Whereas the lone pair of an amine nitrogen is ‘stuck’ in one place, the lone pair on an amide nitrogen is delocalized by resonance.  Notice that in this case, we are extending our central statement to say that electron density – in the form of a lone pair – is stabilized by resonance delocalization, even though there is not a negative charge involved.  Here’s another way to think about it: the lone pair on an amide nitrogen is not available for bonding with a proton – these two electrons are too ‘comfortable’ being part of the delocalized pi bonding system.  The lone pair on an amine nitrogen, by contrast, is not so comfortable - it is not part of a delocalized pi system, and is available to form a bond with any acidic proton that might be nearby.

If an amide group is protonated, it will be at the oxygen rather than the nitrogen.

Exercise 7.3.1

a) Draw the Lewis structure of nitric acid, HNO3.

b) Nitric acid is a strong acid - it has a pKa of -1.4.  Make a structural argument to account for its strength. Your answer should involve the structure of nitrate, the conjugate base of nitric acid.



Exercise 7.3.2

Rank the compounds below from most acidic to least acidic, and explain your reasoning.



Exercise 7.3.3

(challenging!) Often it requires some careful thought to predict the most acidic proton on a molecule.  Ascorbic acid, also known as Vitamin C, has a pKa of 4.1 - the fact that this is in the range of carboxylic acids suggest to us that the negative charge on the conjugate base can be delocalized by resonance to two oxygen atoms.  Which if the four OH protons on the molecule is most acidic?  Draw the structure of ascorbate, the conjugate base of ascorbic acid, then draw a second resonance contributor showing how the negative charge is delocalized to a second oxygen atom.  Hint - try removing each OH group in turn, then use your resonance drawing skills to figure out whether or not delocalization of charge can occur.






C: Inductive effects


Compare the pKa values of acetic acid and its mono-, di-, and tri-chlorinated derivatives:



The presence of the chlorine atoms clearly increases the acidity of the carboxylic acid group, but the argument here does not have to do with resonance delocalization, because no additional resonance contributors can be drawn for the chlorinated molecules.  Rather, the explanation for this phenomenon involves something called the inductive effect.  A chlorine atom is more electronegative than a hydrogen, and thus is able to ‘induce’, or ‘pull’ electron density towards itself, away from the carboxylate group.  In effect, the chlorine atoms are helping to further spread out the electron density of the conjugate base, which as we know has a stabilizing effect.  In this context, the chlorine substituent can be referred to as an electron-withdrawing group. Notice that the pKa-lowering effect of each chlorine atom, while significant, is not as dramatic as the delocalizing resonance effect illustrated by the difference in pKa values between an alcohol and a carboxylic acid.  In general, resonance effects are more powerful than inductive effects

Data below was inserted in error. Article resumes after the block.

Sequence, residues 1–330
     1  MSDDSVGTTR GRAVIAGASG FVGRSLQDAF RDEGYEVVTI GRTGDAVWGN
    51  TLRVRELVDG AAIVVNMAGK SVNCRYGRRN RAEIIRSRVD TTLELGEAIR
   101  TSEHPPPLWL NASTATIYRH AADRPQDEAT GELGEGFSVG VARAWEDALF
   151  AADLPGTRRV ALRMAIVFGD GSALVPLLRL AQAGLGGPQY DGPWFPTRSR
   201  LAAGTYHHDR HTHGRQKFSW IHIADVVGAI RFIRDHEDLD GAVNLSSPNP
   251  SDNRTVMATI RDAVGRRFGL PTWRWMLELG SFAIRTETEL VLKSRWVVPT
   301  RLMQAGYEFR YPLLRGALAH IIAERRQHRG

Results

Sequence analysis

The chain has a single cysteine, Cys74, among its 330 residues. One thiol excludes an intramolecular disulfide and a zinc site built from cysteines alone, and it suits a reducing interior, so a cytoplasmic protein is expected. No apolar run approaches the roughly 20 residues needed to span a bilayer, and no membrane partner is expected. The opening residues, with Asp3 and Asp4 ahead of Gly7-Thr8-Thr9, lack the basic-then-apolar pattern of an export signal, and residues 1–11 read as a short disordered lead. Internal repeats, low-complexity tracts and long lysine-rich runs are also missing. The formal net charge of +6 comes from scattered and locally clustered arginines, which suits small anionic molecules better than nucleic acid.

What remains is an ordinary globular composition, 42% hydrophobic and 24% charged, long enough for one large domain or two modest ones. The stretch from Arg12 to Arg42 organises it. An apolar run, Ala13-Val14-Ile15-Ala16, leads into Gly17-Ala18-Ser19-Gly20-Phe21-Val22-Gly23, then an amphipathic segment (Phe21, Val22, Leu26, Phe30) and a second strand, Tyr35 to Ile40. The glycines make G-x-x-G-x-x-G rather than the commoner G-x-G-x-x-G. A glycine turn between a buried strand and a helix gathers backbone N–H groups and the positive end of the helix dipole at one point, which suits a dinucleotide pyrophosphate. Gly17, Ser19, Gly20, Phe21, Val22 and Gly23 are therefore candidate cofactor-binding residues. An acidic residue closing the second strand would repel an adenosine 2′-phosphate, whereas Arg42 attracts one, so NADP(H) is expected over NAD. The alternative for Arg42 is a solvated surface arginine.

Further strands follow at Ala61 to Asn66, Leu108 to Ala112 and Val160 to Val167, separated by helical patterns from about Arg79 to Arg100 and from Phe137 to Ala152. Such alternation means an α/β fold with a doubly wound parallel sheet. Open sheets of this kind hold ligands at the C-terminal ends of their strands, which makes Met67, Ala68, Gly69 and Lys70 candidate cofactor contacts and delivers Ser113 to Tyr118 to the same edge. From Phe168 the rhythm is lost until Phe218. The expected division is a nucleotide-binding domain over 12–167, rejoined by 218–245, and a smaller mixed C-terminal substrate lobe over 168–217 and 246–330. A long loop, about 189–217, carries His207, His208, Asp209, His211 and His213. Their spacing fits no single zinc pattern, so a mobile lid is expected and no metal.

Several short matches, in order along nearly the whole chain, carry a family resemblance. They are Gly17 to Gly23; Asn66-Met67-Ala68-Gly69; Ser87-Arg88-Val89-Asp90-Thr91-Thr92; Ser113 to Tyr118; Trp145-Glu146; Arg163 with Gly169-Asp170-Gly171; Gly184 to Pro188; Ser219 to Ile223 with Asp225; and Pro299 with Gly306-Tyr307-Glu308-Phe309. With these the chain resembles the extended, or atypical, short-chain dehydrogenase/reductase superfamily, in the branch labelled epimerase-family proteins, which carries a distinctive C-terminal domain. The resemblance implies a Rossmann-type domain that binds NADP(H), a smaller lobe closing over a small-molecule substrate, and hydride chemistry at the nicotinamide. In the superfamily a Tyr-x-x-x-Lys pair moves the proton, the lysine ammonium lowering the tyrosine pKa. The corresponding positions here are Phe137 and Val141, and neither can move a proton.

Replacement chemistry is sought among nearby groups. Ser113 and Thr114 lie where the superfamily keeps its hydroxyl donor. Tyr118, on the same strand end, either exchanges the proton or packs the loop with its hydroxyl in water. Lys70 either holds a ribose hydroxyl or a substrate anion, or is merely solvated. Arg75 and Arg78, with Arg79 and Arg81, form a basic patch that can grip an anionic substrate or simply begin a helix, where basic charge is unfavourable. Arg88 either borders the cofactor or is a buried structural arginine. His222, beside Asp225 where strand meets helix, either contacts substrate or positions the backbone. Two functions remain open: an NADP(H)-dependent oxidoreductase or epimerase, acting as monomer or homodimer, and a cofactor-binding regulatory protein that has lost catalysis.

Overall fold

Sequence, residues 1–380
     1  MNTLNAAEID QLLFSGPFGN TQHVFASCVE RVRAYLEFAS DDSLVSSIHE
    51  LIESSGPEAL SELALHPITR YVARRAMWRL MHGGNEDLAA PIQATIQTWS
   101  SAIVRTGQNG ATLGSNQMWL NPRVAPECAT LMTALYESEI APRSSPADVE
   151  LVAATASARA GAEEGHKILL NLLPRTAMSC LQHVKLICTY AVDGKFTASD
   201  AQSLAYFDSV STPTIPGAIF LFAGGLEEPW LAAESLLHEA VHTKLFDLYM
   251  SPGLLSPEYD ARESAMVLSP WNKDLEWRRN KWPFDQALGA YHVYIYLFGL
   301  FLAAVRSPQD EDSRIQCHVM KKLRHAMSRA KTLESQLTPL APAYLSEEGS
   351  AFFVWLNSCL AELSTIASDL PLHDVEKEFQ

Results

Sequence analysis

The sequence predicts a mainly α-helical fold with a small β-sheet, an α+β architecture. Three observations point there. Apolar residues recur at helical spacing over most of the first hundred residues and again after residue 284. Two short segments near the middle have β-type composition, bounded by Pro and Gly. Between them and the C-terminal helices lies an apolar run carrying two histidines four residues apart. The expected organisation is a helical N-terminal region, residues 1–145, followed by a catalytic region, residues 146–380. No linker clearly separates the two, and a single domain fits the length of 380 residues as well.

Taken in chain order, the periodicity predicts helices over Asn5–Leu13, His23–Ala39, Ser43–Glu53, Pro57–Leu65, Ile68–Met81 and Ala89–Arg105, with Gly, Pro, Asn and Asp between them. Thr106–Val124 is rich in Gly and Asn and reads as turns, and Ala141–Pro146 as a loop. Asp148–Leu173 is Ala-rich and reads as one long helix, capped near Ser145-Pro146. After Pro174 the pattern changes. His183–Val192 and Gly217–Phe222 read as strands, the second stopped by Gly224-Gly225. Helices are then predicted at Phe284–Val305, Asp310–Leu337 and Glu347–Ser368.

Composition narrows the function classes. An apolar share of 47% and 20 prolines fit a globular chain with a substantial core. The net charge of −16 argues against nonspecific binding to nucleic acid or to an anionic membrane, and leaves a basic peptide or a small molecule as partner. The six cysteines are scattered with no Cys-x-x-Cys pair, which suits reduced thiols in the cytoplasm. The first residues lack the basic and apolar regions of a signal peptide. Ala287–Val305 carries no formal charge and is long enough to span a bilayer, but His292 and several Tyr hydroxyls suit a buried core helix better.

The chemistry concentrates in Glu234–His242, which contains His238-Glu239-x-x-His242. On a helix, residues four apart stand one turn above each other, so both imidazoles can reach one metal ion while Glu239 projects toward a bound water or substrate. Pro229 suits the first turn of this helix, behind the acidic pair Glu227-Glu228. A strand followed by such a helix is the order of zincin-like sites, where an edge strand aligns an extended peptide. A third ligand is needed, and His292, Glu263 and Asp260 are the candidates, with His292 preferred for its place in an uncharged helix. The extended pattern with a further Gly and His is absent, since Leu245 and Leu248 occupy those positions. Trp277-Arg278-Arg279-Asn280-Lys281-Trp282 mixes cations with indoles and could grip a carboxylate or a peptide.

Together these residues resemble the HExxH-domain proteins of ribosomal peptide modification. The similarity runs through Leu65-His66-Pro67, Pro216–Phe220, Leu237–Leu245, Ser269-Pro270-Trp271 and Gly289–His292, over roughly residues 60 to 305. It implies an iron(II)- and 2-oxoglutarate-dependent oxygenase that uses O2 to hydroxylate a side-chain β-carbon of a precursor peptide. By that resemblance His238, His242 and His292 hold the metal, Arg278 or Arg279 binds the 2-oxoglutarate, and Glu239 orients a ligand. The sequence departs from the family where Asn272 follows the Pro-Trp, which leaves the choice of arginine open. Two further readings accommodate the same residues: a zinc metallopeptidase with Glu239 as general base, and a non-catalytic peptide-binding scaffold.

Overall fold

Because the inductive effect depends on electronegativity, fluorine substituents have a more pronounced  pKa-lowered effect than chlorine substituents.


In addition, the  inductive takes place through covalent bonds, and its influence decreases markedly with distance – thus a chlorine two carbons away from a carboxylic acid group has a decreased effect compared to a chlorine just one carbon away.


Exercise 7.3.4

Rank the compounds below from most acidic to least acidic, and explain your reasoning.